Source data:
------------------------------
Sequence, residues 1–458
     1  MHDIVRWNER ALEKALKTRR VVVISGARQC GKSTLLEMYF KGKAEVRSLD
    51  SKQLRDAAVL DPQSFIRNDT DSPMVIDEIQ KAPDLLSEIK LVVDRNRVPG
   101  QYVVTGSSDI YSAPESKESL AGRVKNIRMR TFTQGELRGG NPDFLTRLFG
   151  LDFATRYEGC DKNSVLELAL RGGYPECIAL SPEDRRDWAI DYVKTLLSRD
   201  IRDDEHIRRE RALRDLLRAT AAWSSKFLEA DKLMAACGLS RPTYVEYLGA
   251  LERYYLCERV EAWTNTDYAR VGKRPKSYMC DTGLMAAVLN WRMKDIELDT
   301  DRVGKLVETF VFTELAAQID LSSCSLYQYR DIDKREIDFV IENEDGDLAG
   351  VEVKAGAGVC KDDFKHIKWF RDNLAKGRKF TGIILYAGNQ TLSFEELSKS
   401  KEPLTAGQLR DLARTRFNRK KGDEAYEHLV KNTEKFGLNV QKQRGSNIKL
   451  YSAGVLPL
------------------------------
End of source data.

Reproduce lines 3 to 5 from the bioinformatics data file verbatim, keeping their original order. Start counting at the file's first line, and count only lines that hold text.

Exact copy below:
    51  SKQLRDAAVL DPQSFIRNDT DSPMVIDEIQ KAPDLLSEIK LVVDRNRVPG
   101  QYVVTGSSDI YSAPESKESL AGRVKNIRMR TFTQGELRGG NPDFLTRLFG
   151  LDFATRYEGC DKNSVLELAL RGGYPECIAL SPEDRRDWAI DYVKTLLSRD